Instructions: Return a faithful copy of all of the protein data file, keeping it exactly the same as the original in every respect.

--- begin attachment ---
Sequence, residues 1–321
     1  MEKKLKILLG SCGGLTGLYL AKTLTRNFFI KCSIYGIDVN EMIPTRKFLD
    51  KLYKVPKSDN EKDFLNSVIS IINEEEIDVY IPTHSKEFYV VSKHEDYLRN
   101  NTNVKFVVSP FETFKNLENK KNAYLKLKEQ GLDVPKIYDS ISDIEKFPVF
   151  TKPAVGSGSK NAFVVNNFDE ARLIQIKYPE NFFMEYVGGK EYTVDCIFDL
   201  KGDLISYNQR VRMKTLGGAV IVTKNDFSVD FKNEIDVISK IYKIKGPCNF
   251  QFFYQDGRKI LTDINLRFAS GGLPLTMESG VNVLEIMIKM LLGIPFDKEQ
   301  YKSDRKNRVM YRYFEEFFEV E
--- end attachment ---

Sequence, residues 1–321
     1  MEKKLKILLG SCGGLTGLYL AKTLTRNFFI KCSIYGIDVN EMIPTRKFLD
    51  KLYKVPKSDN EKDFLNSVIS IINEEEIDVY IPTHSKEFYV VSKHEDYLRN
   101  NTNVKFVVSP FETFKNLENK KNAYLKLKEQ GLDVPKIYDS ISDIEKFPVF
   151  TKPAVGSGSK NAFVVNNFDE ARLIQIKYPE NFFMEYVGGK EYTVDCIFDL
   201  KGDLISYNQR VRMKTLGGAV IVTKNDFSVD FKNEIDVISK IYKIKGPCNF
   251  QFFYQDGRKI LTDINLRFAS GGLPLTMESG VNVLEIMIKM LLGIPFDKEQ
   301  YKSDRKNRVM YRYFEEFFEV E